All signs point to a “modest correction” of the Canadian housing market due to the ongoing recalibration triggered by higher borrowing costs, according to a new market update by Central 1.
The Bank of Canada increased its policy rate to 1% last month after dropping it earlier in the pandemic to catalyze economic growth. Forthcoming hikes through the coming months could send the rate to 2.5% by early 2023.
Fixed five-year mortgage rates have already risen from 1.7% at the pandemic low to 3.6% this month, and are expected to further increase to about 4.5%.
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Historically low rates and the pandemic’s impact on living preferences led to a 50% increase in home values over two years — the strongest two-year gain since the late 1980s.
But now, the combination of higher rates, record-high home prices, inflation impacts on day-to-day living costs, and stagnant wage growth will send the market into a real slowdown and into a correction.
Home sales are forecast to drop 20% in the second quarter and 12% in the third quarter of this year, returning sales volumes to pre-pandemic levels before stabilizing in the fourth quarter. Overall annual home sales are forecast to drop by 19% in 2022 and 10% in 2023.
“The housing party is over. Catalyzed by this rapid change in mortgage market conditions, we anticipate both sales to normalize swiftly and price levels to decline in coming quarters,” reads the update by Central 1 chief economist Bryan Yu.
“There are early signs that recent hikes to fixed-rate mortgage rates have already slowed sales; a trend we expect to accelerate during the remainder of Q2 and through Q3 as rate holds expire and variable rates increase… More broadly, increased mortgage carrying costs will reduce demand as more households are priced out of the market and others shift toward lower-priced homes. Moreover, we think pent-up demand has also been exhausted and buyer sentiment is turning against the housing market and will amplify the slowdown.”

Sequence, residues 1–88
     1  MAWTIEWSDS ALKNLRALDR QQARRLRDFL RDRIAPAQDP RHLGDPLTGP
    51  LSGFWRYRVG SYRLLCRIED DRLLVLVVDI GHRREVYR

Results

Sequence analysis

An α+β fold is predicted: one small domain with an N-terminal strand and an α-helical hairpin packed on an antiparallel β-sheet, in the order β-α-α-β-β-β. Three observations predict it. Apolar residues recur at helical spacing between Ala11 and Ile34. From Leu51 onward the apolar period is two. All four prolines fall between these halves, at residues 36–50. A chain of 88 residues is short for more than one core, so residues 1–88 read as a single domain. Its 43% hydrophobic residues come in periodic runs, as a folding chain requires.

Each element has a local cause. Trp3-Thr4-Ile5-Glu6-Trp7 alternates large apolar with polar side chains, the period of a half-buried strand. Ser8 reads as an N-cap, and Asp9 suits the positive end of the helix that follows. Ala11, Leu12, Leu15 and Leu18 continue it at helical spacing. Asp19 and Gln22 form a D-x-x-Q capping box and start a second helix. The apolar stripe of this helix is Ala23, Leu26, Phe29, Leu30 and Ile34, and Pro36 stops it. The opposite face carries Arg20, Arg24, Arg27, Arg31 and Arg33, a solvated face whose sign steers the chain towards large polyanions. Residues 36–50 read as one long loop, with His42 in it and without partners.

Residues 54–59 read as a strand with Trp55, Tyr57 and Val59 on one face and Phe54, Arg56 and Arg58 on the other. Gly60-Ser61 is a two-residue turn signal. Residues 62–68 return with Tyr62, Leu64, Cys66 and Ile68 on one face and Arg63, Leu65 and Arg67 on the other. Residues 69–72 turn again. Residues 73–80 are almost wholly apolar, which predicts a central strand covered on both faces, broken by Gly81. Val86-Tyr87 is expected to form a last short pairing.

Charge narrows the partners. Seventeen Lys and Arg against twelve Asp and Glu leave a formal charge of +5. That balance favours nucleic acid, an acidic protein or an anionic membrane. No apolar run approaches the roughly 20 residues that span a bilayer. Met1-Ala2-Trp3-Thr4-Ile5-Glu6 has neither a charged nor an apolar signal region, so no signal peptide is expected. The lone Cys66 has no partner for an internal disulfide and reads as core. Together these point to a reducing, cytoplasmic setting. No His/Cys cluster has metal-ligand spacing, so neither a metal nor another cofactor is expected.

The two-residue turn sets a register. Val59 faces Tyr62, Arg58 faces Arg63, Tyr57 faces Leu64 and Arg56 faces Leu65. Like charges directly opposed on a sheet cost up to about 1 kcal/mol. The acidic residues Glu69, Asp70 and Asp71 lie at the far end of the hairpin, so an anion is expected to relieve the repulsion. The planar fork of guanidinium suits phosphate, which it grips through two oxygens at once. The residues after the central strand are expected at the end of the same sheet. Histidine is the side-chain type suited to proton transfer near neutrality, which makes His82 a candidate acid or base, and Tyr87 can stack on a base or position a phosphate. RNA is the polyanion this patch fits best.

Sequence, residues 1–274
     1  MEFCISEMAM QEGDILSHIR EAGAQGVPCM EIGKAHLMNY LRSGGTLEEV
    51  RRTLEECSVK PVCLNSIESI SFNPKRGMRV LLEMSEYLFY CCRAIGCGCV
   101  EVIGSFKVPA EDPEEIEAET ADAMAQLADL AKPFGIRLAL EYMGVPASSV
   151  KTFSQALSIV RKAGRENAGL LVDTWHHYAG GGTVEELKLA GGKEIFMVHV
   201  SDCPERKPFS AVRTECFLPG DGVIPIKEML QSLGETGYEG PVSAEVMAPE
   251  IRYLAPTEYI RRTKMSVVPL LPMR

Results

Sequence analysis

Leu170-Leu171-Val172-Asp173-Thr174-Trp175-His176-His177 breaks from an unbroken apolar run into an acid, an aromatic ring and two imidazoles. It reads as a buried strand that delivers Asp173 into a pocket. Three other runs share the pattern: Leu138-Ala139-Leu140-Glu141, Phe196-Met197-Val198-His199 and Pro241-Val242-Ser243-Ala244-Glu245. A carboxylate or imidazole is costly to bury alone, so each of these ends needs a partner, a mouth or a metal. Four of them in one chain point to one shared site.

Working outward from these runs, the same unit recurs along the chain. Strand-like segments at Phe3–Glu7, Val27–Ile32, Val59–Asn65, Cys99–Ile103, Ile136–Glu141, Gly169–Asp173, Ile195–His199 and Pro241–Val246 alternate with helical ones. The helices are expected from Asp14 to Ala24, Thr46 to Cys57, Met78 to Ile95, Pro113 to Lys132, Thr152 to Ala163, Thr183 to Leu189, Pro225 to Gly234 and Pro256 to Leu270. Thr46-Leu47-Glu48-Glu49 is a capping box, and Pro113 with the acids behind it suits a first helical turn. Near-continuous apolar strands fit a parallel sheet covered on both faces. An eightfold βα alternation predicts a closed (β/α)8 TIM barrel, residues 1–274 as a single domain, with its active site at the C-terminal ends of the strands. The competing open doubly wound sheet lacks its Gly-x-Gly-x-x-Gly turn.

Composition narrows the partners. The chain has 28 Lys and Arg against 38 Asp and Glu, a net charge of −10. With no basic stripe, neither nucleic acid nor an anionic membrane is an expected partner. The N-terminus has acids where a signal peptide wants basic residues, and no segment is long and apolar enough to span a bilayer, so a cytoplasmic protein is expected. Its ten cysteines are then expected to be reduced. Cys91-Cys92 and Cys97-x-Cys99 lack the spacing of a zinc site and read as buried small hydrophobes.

The correction could be similar to the mid-1990s and 2017/2018 when rising rates triggered sales drops over multiple years.
A reduction in home sales is expected to be accompanied by a rebound in supply inventory, trending the housing market towards balanced conditions.
Home values could fall by up to 10% from peak to trough within the current cycle, but prices will still remain well above pre-pandemic levels, with record immigration and other factors sustaining demand. Home prices are expected to remain flat through 2023.
Furthermore, urban centres that shed residents during the pandemic are likely to see a resurgence from increased condominium demand due to affordability impacts and the greater return of employees to offices.